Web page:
Get between the dominant strutting gobbler and his hen(s) and you can sometimes close the deal. (NWTF Courtesy Photo)
By Steve Hickoff
Every year we hear the whining in turkey camp: “They’re all henned up!” Here are some tricks to getting that gobbler all to yourself.
(1) In this kind of situation, you need to rise earlier than ever, and slip into the woods toward roosted turkeys that you’ve located. A Yamaha ATV or Side-by-Side can help you cover ground in the dark to where you want to park and walk in.
(2) You should know the number of hens and gobblers in the group if possible.
(3) You should know where they like to fly down before gathering and moving off.
(4) You should know where they are positioned the evening before the morning you hunt them.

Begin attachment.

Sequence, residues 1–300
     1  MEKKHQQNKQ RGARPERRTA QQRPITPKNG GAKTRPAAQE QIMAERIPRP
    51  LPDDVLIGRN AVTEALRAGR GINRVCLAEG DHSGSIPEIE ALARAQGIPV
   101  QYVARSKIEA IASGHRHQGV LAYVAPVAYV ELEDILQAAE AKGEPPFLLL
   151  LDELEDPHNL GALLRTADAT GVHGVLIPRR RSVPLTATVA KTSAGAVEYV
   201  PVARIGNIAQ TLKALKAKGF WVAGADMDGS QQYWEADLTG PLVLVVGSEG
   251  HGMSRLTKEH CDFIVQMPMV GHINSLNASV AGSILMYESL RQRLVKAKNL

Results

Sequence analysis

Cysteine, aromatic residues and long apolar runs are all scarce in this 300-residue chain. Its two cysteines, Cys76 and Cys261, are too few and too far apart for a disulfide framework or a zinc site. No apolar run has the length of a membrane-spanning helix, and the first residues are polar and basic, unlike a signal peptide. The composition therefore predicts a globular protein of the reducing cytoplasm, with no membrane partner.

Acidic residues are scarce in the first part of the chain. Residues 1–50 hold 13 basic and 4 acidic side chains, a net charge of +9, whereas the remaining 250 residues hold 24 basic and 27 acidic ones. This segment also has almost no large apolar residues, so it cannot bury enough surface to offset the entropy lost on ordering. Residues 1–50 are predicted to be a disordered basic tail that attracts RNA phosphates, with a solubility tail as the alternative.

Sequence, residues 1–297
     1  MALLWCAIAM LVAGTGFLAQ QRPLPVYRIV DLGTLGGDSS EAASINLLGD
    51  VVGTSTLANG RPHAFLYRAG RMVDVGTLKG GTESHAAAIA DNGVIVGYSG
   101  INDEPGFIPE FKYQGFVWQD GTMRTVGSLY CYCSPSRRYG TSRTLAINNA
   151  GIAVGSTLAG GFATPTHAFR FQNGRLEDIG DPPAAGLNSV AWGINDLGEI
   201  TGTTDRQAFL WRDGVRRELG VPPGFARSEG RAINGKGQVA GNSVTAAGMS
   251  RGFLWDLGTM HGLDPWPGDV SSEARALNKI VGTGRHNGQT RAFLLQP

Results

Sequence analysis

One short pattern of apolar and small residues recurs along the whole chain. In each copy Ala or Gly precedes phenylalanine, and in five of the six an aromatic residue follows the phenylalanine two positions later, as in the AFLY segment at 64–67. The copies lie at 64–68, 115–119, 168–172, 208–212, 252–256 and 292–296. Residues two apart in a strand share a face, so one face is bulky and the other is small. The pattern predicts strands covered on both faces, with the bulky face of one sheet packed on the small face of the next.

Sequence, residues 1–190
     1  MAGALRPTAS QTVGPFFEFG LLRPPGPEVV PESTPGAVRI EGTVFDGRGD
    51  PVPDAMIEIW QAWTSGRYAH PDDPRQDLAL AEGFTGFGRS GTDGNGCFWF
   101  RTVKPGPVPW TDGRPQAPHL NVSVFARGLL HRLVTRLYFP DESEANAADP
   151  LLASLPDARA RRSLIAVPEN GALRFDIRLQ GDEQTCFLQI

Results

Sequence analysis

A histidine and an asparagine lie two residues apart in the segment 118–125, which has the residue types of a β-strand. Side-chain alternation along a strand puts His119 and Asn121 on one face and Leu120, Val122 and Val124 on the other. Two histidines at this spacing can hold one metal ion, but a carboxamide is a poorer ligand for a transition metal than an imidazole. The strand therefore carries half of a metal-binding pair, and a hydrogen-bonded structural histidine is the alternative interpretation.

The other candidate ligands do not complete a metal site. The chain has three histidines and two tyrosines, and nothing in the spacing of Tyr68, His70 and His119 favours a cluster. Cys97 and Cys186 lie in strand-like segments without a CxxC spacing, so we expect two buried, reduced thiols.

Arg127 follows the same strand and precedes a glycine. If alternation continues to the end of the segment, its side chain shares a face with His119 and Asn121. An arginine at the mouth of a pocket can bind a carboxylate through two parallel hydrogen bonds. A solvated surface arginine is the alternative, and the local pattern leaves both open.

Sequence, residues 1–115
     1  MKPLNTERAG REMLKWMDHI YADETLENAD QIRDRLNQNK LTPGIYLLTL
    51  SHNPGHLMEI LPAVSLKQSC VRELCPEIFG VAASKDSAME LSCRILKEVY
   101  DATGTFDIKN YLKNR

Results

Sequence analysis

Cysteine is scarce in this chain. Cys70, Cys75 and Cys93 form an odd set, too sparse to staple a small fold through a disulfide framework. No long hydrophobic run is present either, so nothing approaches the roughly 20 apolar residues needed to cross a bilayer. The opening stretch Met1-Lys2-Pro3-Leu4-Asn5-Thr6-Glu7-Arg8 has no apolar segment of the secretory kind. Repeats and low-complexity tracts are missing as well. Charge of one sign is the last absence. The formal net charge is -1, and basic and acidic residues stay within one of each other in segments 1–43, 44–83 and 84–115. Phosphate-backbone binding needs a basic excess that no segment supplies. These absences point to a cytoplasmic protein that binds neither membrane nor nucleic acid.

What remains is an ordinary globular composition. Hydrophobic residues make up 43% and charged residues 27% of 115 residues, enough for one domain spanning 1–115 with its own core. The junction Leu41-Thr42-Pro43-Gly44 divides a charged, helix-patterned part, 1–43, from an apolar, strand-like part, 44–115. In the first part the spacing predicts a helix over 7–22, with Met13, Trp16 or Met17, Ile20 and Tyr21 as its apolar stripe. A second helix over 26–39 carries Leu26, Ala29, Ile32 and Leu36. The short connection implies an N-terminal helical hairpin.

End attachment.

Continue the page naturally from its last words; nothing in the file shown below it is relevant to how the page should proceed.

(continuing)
(5) Then get in tight, between the dominant spring gobbler and the hen(s), and let the show begin.
(6) Sometimes you can time it so that you hear him gobble early—especially if the light is just coming on in the morning. If so, slowly rise, and quietly move in his direction, knowing you might be walking right past a hen or two.
(7) Use terrain if it helps your approach, then sit tightly, quietly waiting for the woods to wake up.
(8) To avoid hand movements, if you must call, make it a mouth diaphragm. Still, if there’s ever a situation when you shouldn’t call, this might be one. Simply let the turkeys fly down, and if you’re lucky, that tom might do so in range.
(9) To put yourself in a situation where it’s you and the gobbler without his hen(s), pace yourself during the season—you’ll hunt better for it.
(10) There are also many different approaches you can use to isolate the longbeard you want, or the gobbler you don’t know about that might be cruising away from the main action. Try them all. Think like a turkey.
For calling tips, refer to Steve Hickoff’s March 16, 2009, post found in the “Outdoors Tip Archive” on the Yamaha Outdoors website.